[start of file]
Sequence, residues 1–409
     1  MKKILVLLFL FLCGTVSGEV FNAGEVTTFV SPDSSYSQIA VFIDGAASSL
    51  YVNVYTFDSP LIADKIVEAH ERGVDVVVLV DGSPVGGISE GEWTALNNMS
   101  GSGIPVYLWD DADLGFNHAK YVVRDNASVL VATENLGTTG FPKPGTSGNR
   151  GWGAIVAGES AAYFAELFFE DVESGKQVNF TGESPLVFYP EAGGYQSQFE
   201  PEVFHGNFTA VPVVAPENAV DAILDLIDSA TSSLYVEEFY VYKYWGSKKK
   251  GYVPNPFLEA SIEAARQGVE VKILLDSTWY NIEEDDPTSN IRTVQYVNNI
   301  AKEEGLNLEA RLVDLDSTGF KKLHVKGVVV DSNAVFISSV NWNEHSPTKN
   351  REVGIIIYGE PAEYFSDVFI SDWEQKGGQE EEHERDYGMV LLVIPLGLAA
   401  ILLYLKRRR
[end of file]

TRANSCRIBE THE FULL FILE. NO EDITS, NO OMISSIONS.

Sequence, residues 1–409
     1  MKKILVLLFL FLCGTVSGEV FNAGEVTTFV SPDSSYSQIA VFIDGAASSL
    51  YVNVYTFDSP LIADKIVEAH ERGVDVVVLV DGSPVGGISE GEWTALNNMS
   101  GSGIPVYLWD DADLGFNHAK YVVRDNASVL VATENLGTTG FPKPGTSGNR
   151  GWGAIVAGES AAYFAELFFE DVESGKQVNF TGESPLVFYP EAGGYQSQFE
   201  PEVFHGNFTA VPVVAPENAV DAILDLIDSA TSSLYVEEFY VYKYWGSKKK
   251  GYVPNPFLEA SIEAARQGVE VKILLDSTWY NIEEDDPTSN IRTVQYVNNI
   301  AKEEGLNLEA RLVDLDSTGF KKLHVKGVVV DSNAVFISSV NWNEHSPTKN
   351  REVGIIIYGE PAEYFSDVFI SDWEQKGGQE EEHERDYGMV LLVIPLGLAA
   401  ILLYLKRRR